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Is Silicon Valley really so inventive?

According to TechRepublic, Google produced two of the five worst technology products of 2009 – Android 1.0 and Google Wave. The fact that Google remains dominant suggests that, while not infallible, it’s rich enough to take risks and weather occasional failures. If you are as rich as Google, it’s not extravagant to allow

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Smartphones: what’s coming next

It should be no surprise to anyone that many smartphones may have been designed to last about 24 months — the length of a typical contract with a network service provider. After all, it is a fast-moving, high-turnover market and planned obsolescence is how it is kept moving. Being high turnover means

In-depth

Avoiding big data’s horsemeat moment

There have been so many leaks, hacks and scares based on misuse or misappropriation of personal data that any thought that “big data” could provide benefits rather than only opportunities for harm may be fading in the public imagination. Beyond the humiliation of those involved, the main effect has been to deepen

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Why people fall for 419 scams

How do you decide if you can trust someone? Is it based on their handshake, the way they look you in the eye, or perhaps their body language? We know that what someone wears has an effect on our trust in them. If you happen to

World

Windows ATMs: how safe is your money?

How safe is Microsoft Windows? After all, the list of malware that has caused major headaches worldwide over the last 15 years is long – viruses, worms and Trojans have forced computers to shut down, knocked Korea offline and even overloaded Google’s servers. Now, how safe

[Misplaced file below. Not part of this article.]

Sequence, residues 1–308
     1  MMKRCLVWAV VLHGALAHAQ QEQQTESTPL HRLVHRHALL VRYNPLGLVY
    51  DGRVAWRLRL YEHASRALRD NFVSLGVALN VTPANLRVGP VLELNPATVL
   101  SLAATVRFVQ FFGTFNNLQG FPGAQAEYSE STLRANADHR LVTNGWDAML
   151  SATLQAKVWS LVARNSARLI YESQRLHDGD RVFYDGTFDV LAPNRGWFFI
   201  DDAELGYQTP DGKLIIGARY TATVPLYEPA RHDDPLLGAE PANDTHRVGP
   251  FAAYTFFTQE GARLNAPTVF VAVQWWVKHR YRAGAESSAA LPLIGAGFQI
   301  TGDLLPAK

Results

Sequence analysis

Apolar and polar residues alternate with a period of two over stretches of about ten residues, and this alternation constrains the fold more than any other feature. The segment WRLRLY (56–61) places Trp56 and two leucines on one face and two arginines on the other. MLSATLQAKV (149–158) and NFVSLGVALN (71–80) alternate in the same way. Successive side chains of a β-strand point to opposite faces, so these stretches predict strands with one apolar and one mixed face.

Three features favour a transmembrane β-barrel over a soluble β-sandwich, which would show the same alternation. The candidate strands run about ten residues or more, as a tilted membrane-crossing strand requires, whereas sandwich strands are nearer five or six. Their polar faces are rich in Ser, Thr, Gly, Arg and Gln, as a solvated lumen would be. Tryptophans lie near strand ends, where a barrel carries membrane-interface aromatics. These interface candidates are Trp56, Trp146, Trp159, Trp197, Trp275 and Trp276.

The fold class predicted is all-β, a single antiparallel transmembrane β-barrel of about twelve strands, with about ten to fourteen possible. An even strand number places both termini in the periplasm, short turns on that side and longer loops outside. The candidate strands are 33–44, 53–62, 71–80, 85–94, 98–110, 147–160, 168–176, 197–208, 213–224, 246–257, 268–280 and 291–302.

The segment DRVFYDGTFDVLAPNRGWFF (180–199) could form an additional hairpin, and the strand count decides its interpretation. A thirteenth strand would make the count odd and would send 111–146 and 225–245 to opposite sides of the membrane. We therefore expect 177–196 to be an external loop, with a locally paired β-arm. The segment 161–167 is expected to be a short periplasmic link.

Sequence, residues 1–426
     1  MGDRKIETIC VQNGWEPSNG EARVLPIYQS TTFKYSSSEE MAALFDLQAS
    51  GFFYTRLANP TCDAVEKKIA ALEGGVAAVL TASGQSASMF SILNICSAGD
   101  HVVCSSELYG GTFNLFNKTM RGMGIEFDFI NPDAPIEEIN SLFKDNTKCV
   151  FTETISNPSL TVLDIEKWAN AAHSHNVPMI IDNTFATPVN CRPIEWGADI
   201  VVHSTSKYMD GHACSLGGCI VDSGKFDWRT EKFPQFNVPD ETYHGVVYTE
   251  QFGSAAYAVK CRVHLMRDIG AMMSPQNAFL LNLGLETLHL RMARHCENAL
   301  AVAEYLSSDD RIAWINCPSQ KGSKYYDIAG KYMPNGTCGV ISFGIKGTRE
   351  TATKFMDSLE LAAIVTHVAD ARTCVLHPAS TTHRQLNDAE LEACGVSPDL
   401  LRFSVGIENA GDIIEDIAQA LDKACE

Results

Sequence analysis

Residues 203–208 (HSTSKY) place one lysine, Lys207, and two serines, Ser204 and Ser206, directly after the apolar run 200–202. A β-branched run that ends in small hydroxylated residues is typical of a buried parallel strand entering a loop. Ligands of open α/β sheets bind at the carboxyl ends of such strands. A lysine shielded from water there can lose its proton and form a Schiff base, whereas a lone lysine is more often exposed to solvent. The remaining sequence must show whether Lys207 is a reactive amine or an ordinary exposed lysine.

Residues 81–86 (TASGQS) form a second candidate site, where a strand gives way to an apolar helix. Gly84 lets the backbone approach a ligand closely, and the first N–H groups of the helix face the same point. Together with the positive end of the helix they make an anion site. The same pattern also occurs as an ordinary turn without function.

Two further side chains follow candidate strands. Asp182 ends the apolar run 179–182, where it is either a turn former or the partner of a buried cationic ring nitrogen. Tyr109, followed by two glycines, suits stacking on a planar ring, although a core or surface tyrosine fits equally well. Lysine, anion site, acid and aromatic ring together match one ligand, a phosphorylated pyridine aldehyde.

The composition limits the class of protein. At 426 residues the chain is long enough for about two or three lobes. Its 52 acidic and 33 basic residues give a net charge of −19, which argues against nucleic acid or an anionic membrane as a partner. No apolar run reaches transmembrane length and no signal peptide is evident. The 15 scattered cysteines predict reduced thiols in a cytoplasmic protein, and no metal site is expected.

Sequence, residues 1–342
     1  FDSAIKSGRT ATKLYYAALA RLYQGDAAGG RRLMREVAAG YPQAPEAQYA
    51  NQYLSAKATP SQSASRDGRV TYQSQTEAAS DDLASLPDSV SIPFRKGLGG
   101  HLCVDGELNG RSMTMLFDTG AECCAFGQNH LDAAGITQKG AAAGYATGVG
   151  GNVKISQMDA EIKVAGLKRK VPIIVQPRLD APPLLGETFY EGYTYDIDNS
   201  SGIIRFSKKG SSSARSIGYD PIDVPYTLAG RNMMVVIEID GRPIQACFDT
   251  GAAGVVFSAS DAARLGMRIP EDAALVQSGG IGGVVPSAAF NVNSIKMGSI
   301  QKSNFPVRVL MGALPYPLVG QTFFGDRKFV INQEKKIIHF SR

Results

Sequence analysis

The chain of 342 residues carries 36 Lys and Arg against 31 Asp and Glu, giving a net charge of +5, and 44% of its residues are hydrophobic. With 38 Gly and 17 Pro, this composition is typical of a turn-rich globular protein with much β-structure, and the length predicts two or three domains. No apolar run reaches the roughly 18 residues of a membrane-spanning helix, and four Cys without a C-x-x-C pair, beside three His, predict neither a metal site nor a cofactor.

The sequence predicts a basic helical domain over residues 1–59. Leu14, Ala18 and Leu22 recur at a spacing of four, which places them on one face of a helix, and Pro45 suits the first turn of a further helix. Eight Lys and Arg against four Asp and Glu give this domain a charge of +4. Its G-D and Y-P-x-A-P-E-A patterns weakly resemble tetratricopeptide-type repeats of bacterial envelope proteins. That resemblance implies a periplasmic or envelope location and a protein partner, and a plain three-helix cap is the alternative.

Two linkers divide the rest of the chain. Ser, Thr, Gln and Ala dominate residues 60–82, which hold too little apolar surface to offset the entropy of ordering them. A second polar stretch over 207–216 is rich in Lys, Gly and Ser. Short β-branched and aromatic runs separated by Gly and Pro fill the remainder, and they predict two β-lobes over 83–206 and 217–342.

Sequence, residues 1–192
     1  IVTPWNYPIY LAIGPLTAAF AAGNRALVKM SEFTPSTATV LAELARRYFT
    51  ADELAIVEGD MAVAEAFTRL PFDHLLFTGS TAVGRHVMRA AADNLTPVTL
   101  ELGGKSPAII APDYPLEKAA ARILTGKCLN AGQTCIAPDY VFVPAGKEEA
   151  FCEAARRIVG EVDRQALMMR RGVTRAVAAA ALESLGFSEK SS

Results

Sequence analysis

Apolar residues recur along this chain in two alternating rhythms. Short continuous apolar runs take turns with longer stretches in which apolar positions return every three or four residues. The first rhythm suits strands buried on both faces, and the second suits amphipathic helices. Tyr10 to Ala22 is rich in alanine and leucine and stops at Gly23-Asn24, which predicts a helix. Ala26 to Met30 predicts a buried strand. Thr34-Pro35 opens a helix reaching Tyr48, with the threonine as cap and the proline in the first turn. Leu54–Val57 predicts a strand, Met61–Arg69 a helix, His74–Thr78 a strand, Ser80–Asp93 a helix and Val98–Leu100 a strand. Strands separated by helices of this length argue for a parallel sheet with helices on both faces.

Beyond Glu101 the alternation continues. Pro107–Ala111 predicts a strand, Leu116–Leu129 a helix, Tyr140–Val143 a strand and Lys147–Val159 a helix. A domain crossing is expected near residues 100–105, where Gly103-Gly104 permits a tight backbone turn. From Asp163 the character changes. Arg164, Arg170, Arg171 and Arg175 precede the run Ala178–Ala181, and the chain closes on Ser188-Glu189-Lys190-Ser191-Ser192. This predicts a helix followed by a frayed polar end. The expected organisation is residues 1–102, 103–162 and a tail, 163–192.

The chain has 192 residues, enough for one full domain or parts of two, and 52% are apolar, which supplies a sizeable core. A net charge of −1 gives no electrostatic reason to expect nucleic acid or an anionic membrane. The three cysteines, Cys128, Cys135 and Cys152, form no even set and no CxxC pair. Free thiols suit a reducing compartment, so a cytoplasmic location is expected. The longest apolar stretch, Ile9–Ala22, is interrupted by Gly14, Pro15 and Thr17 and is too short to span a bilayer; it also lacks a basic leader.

Editor's pick

Your phone’s screen just won the Nobel Prize

You’ve probably got the fruits of this year’s Nobel laureates’ handiwork in your pocket. In fact, if you’re reading this on your phone or a relatively recent flat-screen monitor, you’re more than likely staring at some of them right now. But what is a light-emitting diode? Fundamentally, the simplest

Editor's pick

Bitcoin’s value is that it’s useful

The price of bitcoin has crashed to below US$290, its lowest since November 2013, and far below its all-time-high of $1 242 later that same month. For about three hours the price sat below $300. This relatively mundane observation is actually merely the tip of the iceberg for bitcoin

Editor's pick

Tech firms turn to fashion for profits

The profits generated by some technology firms are awe-inspiring, serving as beacons for those at less fortunate enterprises. Devices have accounted for a large part of that success, particularly smartphones. But challengers trying to follow this route to profits are likely to be disappointed

Editor's pick

Apple critics eat humble pie

It’s interesting to see the storm of pique and indignation Apple’s watch has generated. Some critics have dismissed it as nothing more than a fashion accessory. Even the BBC, that staid bastion of technical neutrality, had two articles pushing a general disbelief that the watch

In-depth

Windows 10: what’s in a number?

The name came as a surprise, although it wasn’t the surprise watchers had been expecting: the latest version of Microsoft Windows had been codenamed Threshold, and it was thought this would become its official name, rather than the more predictable Windows 9

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